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Brazilian Police: Lochte, teammates not robbed; Want apology from USA swimmers

Ryan Lochte

OMAHA, NE - JUNE 26: Ryan Lochte of the United States looks on after competing in a preliminary heat for the Men’s 400 Meter Individual Medley during Day One of the 2016 U.S. Olympic Team Swimming Trials at CenturyLink Center on June 26, 2016 in Omaha, Nebraska. (Photo by Al Bello/Getty Images)

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The Ryan Lochte robbery saga continues to take bizarre twists.

As we wait to hear more from Lochte, Brazilian police are not being close-lipped about the issue.

VIDEO: NBC News on robbery saga

You’ll remember that Lochte said he and three other Team USA swimmers were robbed by armed assailants in Brazil. He reaffirmed it in a phone call with media.

Reports say that Lochte and the swimmers -- Jack Conger, Gunnar Bentz and Jimmy Feigen -- urinated in public, and caused destruction in a gas station bathroom. They then surrendered money to pay for the damage before someone invented the robbery excuse.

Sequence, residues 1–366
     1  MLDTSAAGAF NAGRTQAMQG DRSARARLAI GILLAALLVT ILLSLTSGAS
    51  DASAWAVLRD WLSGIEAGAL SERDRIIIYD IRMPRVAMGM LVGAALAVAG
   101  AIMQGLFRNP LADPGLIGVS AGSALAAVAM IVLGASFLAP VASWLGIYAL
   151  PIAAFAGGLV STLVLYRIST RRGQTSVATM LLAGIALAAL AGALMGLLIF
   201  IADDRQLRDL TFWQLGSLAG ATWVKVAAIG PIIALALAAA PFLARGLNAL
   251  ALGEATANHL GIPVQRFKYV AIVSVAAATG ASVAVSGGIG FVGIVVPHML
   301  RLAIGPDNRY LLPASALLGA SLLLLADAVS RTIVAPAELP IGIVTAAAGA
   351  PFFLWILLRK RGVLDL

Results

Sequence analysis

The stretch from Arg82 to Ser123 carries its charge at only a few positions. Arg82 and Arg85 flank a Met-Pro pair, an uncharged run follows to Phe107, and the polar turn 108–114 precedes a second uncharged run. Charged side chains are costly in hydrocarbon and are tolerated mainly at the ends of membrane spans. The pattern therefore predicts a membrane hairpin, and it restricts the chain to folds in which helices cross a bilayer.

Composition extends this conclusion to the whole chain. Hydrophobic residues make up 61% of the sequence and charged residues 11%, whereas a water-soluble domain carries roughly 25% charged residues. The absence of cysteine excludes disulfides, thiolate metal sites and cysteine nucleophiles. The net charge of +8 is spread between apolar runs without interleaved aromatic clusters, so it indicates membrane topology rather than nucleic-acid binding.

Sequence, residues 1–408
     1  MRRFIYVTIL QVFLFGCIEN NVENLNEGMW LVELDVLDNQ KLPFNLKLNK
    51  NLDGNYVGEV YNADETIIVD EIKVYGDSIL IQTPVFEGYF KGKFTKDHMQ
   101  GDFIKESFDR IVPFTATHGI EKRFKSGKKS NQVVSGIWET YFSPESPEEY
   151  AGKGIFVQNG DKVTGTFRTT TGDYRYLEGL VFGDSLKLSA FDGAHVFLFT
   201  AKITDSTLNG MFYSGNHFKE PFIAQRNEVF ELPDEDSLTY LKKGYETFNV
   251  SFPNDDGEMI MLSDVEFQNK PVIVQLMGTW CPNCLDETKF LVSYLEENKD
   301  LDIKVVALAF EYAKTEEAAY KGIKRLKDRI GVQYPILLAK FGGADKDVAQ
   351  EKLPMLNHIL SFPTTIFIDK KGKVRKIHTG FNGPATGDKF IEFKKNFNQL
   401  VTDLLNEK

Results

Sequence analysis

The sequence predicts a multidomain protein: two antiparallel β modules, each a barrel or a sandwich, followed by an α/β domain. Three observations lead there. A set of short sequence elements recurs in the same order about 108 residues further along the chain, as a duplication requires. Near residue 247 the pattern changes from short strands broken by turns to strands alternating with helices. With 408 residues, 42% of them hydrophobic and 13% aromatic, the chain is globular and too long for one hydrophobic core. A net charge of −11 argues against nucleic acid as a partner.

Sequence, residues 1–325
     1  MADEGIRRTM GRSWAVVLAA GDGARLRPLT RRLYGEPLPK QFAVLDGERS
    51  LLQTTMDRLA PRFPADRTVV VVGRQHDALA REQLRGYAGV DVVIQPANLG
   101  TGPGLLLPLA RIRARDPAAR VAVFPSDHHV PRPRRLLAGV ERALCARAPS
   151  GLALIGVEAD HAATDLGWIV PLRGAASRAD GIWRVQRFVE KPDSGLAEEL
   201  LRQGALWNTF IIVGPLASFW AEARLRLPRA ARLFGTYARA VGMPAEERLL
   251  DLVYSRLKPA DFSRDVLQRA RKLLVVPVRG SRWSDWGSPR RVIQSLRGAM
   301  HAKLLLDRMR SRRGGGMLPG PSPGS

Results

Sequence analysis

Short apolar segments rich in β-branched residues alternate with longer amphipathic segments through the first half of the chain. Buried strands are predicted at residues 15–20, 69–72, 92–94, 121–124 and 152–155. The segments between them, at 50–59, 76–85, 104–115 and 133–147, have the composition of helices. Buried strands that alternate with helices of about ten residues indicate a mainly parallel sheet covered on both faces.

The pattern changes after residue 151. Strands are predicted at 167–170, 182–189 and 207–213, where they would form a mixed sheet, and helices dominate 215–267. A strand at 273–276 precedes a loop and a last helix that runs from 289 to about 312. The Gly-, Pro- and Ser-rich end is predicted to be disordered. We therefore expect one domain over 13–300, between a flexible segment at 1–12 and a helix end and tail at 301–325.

Civil Police Chief Fernando Veloso wants the swimmers to apologize for the lies, with the thought that they put an unneeded black eye on the country’s reputation


A police official speaking on condition of anonymity because the investigation was ongoing said two guards pointed guns at the swimmers. The official also said the station manager asked a customer for help with translation, and asked for money to pay for the broken door, and the swimmers gave him an undetermined amount of cash, and then left.

Veloso declined to say whether the guards pulled their weapons, but said they did not use excessive force and would have been justified in drawing their guns because the athletes were large, strong men who “were conducting themselves in a violent way.”

And what could happen to the swimmers? They could face charges of falsifying a police report and vandalism. From ABC News:

In Brazil, both crimes are punishable by one to six months in jail, a fine or probation. But “rarely do people actually serve time for this,” said Brazilian law expert Paulo Barrozo, who is not involved in the case.

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